Puccini's 'La Boheme': Bohemians with a Small 'b'

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As ACT ONE begins, two struggling young artists, the poet Rodolfo and a painter, Marcello, are working in their shabby, unheated apartment on Christmas Eve. They're joined by their fellow bohemians, Colline and Schaunard, a philosopher and a musician. Their landlord demands rent, but they put him off and everyone decides to go out drinking -- except for Rodolfo. He'll stay home to finish his work.

When Rodolfo is alone, there's a knock at the door. It's Mimi, a young seamstress looking for a candle to light her way home. Rodolfo invites her in, and they get to know each other through two very famous arias. Rodolfo introduces himself, and his dreams, in the aria "Che gelida manina" ("Your little hand is cold"). Her introduction is the aria "Mi chiamano Mimi" ("My name is Mimi"). The situation is ripe for romance, and the two are quickly drawn to each other. But soon they hear shouts from the street, and go off to join Rodolfo's friends.

In ACT TWO, Rodolfo and Mimi are with the others at a busy cafe. We also meet Marcello's off-and-on girlfriend, Musetta. Tonight, she has a wealthy escort named Alcindoro, and her lively aria ("Musetta's Waltz") is clearly intended to make Marcello jealous. When Marcello responds, Musetta makes a scene, driving Alcindoro away. Then, when the bill arrives, no one has the money to pay it. So the bohemians take off. When Alcindoro returns, looking for Musetta, he gets stuck with the tab.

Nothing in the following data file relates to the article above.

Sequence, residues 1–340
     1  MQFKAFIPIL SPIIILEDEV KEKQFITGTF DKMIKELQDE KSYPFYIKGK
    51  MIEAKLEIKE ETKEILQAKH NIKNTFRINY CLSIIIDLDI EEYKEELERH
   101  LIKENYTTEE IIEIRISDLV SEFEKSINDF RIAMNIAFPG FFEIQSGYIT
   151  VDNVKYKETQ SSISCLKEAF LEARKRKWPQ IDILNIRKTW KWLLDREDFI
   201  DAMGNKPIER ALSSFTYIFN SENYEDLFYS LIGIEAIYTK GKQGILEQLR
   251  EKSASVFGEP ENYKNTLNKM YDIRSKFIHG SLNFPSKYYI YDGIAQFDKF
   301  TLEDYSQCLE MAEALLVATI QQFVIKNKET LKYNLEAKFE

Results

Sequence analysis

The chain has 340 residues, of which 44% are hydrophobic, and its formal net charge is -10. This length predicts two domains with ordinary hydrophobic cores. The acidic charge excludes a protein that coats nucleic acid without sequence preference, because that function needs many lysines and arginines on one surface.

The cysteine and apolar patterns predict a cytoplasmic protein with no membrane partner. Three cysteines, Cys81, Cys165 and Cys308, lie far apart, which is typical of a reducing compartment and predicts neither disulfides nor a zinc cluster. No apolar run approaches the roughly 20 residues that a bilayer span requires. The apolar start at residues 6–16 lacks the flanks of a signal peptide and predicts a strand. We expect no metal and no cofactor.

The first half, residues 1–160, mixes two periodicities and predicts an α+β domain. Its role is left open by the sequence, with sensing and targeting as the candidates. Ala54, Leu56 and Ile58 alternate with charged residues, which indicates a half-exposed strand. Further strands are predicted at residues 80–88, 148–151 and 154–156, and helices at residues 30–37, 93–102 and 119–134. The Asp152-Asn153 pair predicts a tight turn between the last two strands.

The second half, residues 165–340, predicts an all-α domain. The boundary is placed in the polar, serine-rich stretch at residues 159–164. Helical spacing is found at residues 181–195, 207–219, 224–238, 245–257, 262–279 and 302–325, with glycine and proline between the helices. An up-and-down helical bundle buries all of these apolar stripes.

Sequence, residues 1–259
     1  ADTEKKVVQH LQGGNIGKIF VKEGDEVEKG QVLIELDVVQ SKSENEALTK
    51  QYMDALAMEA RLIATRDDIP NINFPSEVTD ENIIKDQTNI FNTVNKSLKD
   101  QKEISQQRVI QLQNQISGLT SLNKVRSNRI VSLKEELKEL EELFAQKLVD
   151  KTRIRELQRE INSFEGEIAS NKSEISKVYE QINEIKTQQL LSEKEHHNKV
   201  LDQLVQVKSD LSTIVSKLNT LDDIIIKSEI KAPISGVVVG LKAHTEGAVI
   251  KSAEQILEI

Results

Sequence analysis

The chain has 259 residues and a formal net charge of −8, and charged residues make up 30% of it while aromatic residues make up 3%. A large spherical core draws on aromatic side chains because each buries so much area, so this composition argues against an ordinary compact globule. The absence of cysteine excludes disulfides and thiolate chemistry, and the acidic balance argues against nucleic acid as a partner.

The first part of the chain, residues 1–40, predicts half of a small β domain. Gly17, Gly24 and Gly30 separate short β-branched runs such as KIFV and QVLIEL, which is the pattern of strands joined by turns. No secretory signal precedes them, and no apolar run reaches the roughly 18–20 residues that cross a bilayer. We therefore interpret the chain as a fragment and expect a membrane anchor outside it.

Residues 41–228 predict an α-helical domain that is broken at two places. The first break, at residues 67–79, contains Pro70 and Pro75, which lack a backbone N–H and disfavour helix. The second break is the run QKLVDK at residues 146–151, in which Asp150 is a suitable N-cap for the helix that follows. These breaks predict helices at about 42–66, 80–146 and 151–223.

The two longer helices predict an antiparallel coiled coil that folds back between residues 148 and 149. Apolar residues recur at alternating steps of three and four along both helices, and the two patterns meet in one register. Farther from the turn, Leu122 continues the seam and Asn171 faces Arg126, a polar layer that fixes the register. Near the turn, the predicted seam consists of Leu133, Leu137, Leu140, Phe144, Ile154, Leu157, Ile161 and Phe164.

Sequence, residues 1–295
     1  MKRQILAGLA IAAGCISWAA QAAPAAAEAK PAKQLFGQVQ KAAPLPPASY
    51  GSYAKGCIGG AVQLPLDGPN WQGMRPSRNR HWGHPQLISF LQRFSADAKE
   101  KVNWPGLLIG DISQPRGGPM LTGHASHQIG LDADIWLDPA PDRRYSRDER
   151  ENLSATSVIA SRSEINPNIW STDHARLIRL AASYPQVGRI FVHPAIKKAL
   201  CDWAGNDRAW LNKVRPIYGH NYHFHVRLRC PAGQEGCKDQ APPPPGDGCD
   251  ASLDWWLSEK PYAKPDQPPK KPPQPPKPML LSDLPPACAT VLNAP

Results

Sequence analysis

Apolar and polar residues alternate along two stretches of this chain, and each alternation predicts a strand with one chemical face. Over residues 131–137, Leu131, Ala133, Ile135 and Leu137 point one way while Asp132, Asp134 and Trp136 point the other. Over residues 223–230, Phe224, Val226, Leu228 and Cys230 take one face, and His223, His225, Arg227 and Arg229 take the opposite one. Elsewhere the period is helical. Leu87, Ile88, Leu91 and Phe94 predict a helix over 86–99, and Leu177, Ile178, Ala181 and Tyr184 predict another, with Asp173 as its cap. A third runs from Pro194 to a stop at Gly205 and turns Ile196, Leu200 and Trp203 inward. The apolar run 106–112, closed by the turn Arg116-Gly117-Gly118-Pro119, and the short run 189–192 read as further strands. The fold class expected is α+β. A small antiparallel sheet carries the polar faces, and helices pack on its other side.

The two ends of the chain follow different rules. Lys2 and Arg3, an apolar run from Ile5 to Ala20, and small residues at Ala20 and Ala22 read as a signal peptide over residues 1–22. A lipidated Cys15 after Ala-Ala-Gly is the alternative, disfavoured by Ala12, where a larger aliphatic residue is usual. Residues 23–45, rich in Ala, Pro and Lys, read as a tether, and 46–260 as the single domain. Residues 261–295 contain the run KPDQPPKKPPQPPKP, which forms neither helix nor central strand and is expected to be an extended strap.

ACT THREE takes place outside a tavern, a roadhouse on the outskirts of Paris, during the wee hours of the morning. It's dark, and snowing.

Mimi appears, pale and stricken by a terrible, wracking cough. When Marcello comes out of the tavern, Mimi tearfully tells him that Rodolfo's jealousy is making their relationship unbearable. When Rodolfo emerges, Mimi hides in the shadows. She listens while Rodolfo admits to Marcello that he does have fits of jealousy -- but he says they're really phony. He only does it to get away from Mimi, when he can't bear her obvious illness and suffering.

Mimi's coughing gives away her hiding place, and Marcello goes back into the tavern to be with Musetta, leaving Rodolfo and Mimi alone. They reluctantly agree to separate. But when Marcello and Musetta come out of the tavern noisily, their quarrel moves Mimi and Rodolfo to stay together. The quartet that ends the act reveals two intense, but very different relationships.

ACT FOUR takes place in the cold, ill-kept apartment where the opera began. Rodolfo and Marcello are working, but their minds are on their lovers. Colline and Schaunard return with some food, and the scene turns jolly.

The mood changes quickly when Musetta arrives with Mimi, who is plainly dying. Her friends try to scrape some money together to get help. Musetta takes off her earrings and gives them to Marcello, to sell for medicine and a doctor. Colline decides to part with his favorite overcoat, bidding it farewell in one of the opera's most moving arias.

When Rodolfo and Mimi are left alone, they tenderly recall their first meeting -- in this same apartment. The others return, and they all try to make Mimi more comfortable. But she grows quiet, and dies, leaving Rodolfo despondent at her side.